Credit Suisse AT1 Bondholders bring Investment Treaty Claims

Credit Suisse’s Additional Tier 1 (“AT1”) bondholders can now take action against Switzerland for expropriation, by bringing investment treaty claims, holding the Swiss state accountable for breaching its international investment agreements when it wrote the bonds down to zero as part of the takeover of Credit Suisse by UBS.

Unlike other claims challenging the decision to write down the bonds – which are being brought before Swiss courts and will be determined according to Swiss national law – these claims, which are being launched by global law firm Clyde & Co, will use an international arbitration mechanism and will be decided on the basis of International Investment Agreements. These include Bilateral Investment Treaties or Free Trade Agreements, which classify the action of writing down the bonds as expropriation. The outcome of these arbitration claims will be determined by an independent arbitration tribunal rather than by Swiss judges.

The Swiss government-mandated distressed sale of Credit Suisse to UBS in March 2023, particularly affected AT1 bondholders who held $17.6 billion of AT1 bonds. One year on, Clyde & Co has prepared a legal opinion on the viability of investment treaty claims in international arbitration proceedings.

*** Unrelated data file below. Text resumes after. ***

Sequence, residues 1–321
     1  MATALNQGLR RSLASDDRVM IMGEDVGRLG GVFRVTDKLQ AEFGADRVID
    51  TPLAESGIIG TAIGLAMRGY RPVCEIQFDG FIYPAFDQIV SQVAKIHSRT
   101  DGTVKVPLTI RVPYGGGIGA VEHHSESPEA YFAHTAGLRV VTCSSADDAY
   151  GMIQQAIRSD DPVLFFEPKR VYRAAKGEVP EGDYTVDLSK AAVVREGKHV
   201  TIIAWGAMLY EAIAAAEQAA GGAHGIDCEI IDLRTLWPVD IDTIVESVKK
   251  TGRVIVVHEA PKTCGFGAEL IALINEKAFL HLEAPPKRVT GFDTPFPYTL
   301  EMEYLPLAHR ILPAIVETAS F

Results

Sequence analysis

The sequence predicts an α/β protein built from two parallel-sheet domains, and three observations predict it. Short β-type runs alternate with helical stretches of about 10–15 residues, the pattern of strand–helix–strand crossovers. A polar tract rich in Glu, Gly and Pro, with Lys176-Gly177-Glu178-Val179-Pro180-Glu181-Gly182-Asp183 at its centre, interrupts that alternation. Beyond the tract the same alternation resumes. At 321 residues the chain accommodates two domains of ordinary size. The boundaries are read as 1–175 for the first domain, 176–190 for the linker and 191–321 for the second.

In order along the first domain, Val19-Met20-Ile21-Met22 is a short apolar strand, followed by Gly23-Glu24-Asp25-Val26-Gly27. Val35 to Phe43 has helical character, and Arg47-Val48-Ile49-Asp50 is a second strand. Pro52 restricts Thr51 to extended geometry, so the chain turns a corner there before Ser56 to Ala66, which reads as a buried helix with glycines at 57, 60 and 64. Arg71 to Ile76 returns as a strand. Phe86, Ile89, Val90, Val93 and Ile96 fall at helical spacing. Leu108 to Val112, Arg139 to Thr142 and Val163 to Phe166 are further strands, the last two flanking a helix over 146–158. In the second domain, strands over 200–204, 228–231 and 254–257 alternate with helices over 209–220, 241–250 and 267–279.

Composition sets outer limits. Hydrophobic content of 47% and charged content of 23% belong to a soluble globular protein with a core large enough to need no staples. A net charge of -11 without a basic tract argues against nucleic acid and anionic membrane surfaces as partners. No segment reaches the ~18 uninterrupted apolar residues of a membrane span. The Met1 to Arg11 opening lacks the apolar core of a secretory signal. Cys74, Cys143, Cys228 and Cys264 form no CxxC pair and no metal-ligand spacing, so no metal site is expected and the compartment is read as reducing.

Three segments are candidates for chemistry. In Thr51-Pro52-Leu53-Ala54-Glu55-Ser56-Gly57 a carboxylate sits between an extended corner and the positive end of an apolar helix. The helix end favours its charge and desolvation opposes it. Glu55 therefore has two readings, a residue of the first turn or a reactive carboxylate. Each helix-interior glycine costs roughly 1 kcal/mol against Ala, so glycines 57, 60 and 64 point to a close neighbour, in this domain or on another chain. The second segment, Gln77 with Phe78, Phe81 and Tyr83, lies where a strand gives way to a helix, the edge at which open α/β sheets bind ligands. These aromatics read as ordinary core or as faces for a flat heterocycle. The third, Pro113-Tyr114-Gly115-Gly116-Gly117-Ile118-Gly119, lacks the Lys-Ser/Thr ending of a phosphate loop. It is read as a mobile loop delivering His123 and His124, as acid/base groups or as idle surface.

Clyde & Co is now planning to launch a series of investment arbitration claims which will apply international law and investor protection provisions to bring effective international remedy to investors. The claims will be launched on behalf of Credit Suisse AT1 investors from a series of jurisdictions, including but not limited to China, Hong Kong, Japan, Korea, Singapore and the UAE. These claims will be unique (but are not unprecedented) in combining international arbitration and public international law with collective redress techniques to provide justice to investors. Clyde & Co is in advanced discussion with third party funders who have expressed their willingness to fund these cases.

Loukas Mistelis (pictured), partner in Clyde & Co’s International Arbitration group commented: “It is clear to us that de-localised and depoliticised proceedings against Switzerland on the basis of international investment agreements are the most likely route to a favourable outcome for AT1 bondholders, who were treated outrageously as Credit Suisse collapsed and had their investments unlawfully expropriated. We now intend in the coming months to bring a series of international arbitration claims against Switzerland on behalf of groups of affected investors in a range of countries, in particular in Asia and the Middle East.”